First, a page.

Some states require that hospitals collect and submit discharge and outpatient volume data and make it available for purchase. If yours is one of them, you’ve got a goldmine of data nuggets that can help validate your practice volume estimates against statewide trends. The data may also illuminate a regional or statewide market you had not previously considered.
6. Review CMS’ local, associated risk factor prevalence data.
Consider the prevalence of coronary artery disease (CAD), diabetes, and tobacco abuse. All three provide a reasonable estimate of PVD in the Medicare population, which as mentioned, is rising significantly. This risk factor prevalence can provide insights to underdiagnosed or undiagnosed disease.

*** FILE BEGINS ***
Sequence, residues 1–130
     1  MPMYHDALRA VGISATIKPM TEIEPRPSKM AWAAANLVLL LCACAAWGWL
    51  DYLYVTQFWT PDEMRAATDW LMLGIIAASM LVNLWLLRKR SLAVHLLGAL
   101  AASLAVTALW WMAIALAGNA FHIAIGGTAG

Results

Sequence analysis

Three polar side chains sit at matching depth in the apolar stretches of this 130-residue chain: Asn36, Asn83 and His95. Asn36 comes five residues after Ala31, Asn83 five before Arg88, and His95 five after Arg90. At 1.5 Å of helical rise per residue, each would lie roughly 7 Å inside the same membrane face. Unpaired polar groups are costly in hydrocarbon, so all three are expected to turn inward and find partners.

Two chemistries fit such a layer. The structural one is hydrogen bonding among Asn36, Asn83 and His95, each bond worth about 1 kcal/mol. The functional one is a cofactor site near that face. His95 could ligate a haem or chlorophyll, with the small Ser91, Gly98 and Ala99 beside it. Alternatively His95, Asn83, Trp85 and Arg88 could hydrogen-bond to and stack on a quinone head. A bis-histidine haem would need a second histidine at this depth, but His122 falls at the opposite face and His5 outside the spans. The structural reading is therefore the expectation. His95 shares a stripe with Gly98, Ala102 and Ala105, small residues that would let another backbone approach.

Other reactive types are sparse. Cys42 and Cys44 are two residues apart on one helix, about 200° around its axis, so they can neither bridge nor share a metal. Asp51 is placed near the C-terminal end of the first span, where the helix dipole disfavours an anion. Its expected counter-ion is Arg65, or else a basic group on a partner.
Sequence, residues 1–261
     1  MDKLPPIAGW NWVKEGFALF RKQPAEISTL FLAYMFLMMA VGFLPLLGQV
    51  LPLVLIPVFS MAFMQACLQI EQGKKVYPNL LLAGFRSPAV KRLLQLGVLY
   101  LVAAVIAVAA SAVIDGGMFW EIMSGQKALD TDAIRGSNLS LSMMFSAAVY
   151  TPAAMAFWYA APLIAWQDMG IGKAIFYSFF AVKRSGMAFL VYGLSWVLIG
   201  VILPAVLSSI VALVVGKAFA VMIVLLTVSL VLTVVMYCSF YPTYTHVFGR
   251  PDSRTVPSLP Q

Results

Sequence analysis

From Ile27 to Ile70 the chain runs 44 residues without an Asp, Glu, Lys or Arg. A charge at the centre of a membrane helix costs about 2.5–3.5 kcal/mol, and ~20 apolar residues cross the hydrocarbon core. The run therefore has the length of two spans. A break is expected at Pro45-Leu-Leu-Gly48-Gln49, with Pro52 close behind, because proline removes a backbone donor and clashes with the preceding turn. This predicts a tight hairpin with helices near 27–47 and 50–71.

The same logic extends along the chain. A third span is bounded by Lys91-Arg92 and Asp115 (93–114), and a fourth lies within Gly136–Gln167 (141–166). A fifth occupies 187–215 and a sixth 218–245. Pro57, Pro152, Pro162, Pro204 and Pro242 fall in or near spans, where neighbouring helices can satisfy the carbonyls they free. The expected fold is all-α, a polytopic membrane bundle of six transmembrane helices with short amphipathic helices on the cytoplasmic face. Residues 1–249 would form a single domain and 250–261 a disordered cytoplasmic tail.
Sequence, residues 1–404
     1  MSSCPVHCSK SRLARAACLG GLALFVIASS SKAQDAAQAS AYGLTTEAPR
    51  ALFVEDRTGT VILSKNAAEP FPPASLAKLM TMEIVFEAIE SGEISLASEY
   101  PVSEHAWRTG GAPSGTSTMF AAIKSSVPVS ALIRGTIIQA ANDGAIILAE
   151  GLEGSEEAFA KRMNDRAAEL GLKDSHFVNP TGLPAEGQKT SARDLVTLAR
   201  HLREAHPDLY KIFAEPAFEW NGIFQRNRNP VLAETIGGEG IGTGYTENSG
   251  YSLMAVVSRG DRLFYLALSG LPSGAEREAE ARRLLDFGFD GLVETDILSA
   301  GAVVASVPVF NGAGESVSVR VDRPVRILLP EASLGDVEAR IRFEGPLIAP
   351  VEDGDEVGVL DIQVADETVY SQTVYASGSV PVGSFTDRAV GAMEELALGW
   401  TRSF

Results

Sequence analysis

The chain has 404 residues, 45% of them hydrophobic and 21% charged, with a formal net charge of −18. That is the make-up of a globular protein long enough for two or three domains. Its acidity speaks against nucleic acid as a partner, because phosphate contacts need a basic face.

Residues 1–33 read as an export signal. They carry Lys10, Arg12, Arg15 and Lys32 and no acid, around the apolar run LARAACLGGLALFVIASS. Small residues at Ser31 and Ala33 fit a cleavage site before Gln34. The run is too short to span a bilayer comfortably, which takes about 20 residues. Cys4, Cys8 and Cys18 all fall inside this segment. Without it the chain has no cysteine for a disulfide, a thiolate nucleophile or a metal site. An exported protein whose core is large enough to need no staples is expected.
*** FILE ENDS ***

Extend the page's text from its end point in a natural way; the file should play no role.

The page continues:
Assessing the market and quantifying untapped patient volume are essential to determining whether a PVD program is the right option for your organization. The biggest question – are the needs of your community being met? The degree of mortality and morbidity associated with PVD can be great and if the needs aren’t met the opportunity for better patient care and a healthier community is inherent.
Illustration: Lee Sauer
Ginger Biesbrock, PA-C, MPH, MPAS, AACC, is Vice President, MedAxiom Consulting. She is a respected executive, provider and teacher with 20+ years of experience in the health care industry with a concentration in clinical care and operations. Before joining MedAxiom Consulting, Ginger was Director of Operations at West Michigan Heart, a 39 Physician practice with 24 mid-level provider. At West Michigan Heart, Ginger oversaw all operations for ambulatory services, tertiary care and rural health practices. Prior to that Ginger was the COO of the Cardiovascular Group at Centra-Health.